Using a Pot Still
Update: While this page is very useful for beginners, some of the information is not accurate. Running too far into the tails will not create a spirit which will kill you. You may get a hangover bad enough you'll wish you were dead, but it won't kill you. Also, the risk of methanol is greatly overstated. Focus on the information being shared regarding the process, it will be very useful as you begin to hone your skills. - Uncle Jesse, August 22, 2022.
A pot still is fairly straight forward to use. Turn it on. Once the temperature is up to about 60°C; turn on the cooling water to the condenser. Make sure you throw away the first 100mL per 20L wash, as this will contain any methanol that might be present. Segregate the distillate into 500mL lots as it comes off. Only keep (for drinking) that which doesn't contain fusels (smell off) - probably below about 92°C, however you should keep distilling past here, until about 96°C, as this fraction, although high in tails and not good for drinking this time, can be added back to the next wash and cleaned up OK then.
Graham describes using his ...
I single distill as I have no need to purify my spirits. The concentration at the top of the tower can be controlled with how much heat i apply at the bottom. If I want a pure spirit, I apply a low heat and can run it off at over 90%. with a bit of a twig I have hit the magical 97.5%. But you get utterly no flavours. I apply more heat, so I get a run at about 70 to 80% and get the flavours I need. Its true people, about about 80% you start to lose flavours.
I normally cut my runs when the alcohol drops to about 40%. The heat put in compared to what I get isn't worth it.
>How do you judge the "cut points" for foreshots and feints?
Ah the terms they use for this "firsts and lasts", "Heads, Hearts and tails". for those who dont know, The flavour of any spirit come from a wealth of compounds, alderhydes, amy alcohols (fusal oils), esters, acids and even methanol. The desirable ones are commonly called congeners. The art of any distiller is knowing when to start collecting the heart and stop it again. Start it too late and stop it too early, and you collect mostly pure ethanol and no flavours. Start too early and stop too late, well you make something that will have a lot of flavour, but will give you ripper hangovers, could even kill you.
The art is to collect enough of the congeners in the last of the head and beginning of the tails to get the flavours, but not enough to make it undrinkable. You do this by watching the thermometer at the top of the still. When the firsts start, it will sit at 65C-70C. This is mostly methanol coming off. This you dont want. Then it will suddenly rise as all the methanol is removed. It will rise to 78-low 80s (depending on heat and what you want).
This is the heart. Now for a good rum, you want lots of flavour (and the headache with it) so you start collecting as soon as it starts to rise. For a whiskey, I tend to collect when the temperature hits 78C. For clean spirits, I wait till the temperature stabilises. The same occurs at the tails. The temperature suddenly heads for the 90's, and thats agian when you decide to cut it as the higher alcohol start to evaporate and collect. This I do by the the highly accurate method of tasting it.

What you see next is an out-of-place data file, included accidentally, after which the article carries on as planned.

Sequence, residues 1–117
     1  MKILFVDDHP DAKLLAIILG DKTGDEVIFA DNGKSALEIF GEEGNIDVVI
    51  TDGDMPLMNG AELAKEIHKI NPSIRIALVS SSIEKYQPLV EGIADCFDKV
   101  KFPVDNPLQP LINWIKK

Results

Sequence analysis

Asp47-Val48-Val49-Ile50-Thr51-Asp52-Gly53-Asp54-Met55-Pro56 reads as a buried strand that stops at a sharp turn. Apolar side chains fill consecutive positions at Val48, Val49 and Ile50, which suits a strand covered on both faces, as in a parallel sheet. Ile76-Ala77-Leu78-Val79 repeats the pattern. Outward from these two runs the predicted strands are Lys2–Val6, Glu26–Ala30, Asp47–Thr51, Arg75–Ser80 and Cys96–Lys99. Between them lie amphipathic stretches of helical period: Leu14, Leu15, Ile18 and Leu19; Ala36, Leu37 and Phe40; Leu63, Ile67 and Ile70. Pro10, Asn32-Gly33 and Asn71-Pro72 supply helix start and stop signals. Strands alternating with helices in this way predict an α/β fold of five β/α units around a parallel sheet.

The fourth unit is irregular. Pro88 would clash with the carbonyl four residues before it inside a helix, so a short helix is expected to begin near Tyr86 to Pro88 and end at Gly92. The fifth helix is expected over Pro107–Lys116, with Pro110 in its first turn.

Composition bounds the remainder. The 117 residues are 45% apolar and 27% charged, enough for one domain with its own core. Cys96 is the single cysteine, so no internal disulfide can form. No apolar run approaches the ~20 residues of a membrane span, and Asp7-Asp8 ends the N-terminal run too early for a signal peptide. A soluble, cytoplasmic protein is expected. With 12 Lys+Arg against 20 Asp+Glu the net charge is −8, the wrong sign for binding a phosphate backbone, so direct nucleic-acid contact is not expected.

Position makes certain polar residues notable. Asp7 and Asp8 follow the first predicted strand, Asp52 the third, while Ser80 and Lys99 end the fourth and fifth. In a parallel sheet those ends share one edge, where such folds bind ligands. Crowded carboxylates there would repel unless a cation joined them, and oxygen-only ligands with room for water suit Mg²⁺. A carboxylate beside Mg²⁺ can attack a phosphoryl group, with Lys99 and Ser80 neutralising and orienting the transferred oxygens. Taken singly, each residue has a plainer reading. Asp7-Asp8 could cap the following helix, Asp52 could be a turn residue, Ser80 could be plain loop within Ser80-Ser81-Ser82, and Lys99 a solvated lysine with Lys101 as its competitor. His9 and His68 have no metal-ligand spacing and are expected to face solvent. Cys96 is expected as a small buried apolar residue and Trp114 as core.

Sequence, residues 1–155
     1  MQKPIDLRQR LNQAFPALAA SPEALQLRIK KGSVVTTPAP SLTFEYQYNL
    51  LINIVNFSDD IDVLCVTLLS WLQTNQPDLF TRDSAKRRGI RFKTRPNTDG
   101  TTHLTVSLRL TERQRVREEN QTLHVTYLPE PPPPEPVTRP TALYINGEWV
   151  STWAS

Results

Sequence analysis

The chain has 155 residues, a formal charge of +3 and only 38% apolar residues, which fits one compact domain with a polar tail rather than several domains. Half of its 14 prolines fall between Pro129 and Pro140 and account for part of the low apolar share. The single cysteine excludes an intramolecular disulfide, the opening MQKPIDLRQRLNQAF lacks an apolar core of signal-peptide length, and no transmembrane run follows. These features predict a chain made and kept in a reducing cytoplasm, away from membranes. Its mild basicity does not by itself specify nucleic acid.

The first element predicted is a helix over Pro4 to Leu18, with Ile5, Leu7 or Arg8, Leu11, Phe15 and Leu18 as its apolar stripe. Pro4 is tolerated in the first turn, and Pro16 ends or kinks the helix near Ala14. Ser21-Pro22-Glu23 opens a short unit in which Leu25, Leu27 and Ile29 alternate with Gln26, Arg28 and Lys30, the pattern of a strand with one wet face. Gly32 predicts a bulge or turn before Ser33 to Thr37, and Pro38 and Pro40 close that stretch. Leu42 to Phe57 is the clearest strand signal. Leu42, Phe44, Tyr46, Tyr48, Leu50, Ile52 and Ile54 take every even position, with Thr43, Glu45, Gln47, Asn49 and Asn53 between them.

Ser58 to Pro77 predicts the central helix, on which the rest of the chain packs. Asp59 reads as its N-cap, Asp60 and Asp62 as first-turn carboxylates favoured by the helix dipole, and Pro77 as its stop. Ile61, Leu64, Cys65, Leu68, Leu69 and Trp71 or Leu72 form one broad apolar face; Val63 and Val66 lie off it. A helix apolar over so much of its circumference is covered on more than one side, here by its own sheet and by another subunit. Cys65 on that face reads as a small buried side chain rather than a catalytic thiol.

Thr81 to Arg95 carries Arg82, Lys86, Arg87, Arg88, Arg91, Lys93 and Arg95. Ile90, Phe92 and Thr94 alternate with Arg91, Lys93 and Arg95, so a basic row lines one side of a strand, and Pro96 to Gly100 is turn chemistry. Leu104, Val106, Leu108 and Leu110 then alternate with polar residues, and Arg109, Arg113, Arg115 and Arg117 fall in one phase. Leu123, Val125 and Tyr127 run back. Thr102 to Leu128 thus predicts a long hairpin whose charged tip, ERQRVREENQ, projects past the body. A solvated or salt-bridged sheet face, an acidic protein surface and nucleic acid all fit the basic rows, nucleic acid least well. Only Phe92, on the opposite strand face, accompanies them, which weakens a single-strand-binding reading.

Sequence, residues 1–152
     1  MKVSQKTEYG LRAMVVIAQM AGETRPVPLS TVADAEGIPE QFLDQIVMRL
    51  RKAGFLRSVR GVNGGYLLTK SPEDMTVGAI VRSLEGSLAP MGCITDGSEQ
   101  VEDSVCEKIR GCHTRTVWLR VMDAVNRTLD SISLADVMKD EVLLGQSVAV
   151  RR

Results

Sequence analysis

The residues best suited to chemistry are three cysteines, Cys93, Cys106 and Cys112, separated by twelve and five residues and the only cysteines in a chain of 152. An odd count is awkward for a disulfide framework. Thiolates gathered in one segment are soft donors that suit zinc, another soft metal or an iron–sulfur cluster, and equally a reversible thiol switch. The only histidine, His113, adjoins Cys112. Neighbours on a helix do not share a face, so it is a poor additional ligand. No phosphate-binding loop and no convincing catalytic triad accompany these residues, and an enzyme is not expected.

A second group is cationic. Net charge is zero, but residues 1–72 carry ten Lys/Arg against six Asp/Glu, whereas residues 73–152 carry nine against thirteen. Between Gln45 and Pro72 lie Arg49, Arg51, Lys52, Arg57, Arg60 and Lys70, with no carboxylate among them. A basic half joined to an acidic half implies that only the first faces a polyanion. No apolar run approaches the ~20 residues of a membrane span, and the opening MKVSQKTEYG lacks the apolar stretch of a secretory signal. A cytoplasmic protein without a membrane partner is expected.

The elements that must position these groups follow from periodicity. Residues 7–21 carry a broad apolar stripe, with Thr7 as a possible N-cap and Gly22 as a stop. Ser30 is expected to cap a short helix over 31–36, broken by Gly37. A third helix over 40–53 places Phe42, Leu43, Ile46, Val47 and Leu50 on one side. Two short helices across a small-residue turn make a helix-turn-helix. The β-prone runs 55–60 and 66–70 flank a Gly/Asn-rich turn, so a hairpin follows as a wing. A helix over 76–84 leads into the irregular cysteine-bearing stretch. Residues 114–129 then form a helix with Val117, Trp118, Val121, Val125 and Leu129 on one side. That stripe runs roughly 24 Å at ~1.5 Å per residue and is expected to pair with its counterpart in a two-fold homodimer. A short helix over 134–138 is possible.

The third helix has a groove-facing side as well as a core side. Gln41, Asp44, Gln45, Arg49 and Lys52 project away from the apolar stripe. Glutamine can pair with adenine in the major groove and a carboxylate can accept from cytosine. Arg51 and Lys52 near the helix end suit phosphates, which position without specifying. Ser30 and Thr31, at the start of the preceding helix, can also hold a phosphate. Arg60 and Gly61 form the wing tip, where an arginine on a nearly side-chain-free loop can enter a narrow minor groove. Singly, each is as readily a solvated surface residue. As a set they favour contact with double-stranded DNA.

The Omnipresent Mecakyrios advises how he uses a Doubler with a pot still ...
Here is what I have done in the past when using a doubler:
I would fill the boiler to the normal capacity with my wash. I would fill the doubler 1/3 full with wash as well (sometimes I would put in 50/50 wash and neutral spirit in the doubler). I would run my batch. If I still had another run to do that day I would throw our the spent wash in the boiler, fill the boiler with the new wash to be ran, add the liquid that was in the doubler into the boiler with the new wash, fill the doubler with new wash adding to it the tails of the run that I had just finished, and start the run. I keep doing this until I have no more wash to be ran.
At the end of a day's run, I toss out the boiler and doubler liquids. I keep the tails until my next run. Sometimes, if I have patience enough, I will store the distillates of that days run and add them to a previous run's distillate. In other words, let's say that a month ago I did a run and had collected one unit of distillate from the first run of the day, a second unit from the second run of the day and a third unit from the last run of the day. I will combine all of the units together and mix them up real good. I will then take one unit worth of distillate and set it aside. I will take the remaining distillate and put it into a container and label it with the date. The unit that I had put aside is for me to drink while I wait for a whole month to go by. Then let's say I did a run today and had collected three units of distillate. I will combine these, put one unit worth aside and add the rest to last months run. I will continue to do this until I have a month of down time.
During the down time I clean out the still real good and take the bottle of several months worth of distillate and draw of one unit worth for me to drink, the rest of the several month collection is bottled, sealed, labeled and stored away and forget about it until a special occasion happens when a good aged product is called for.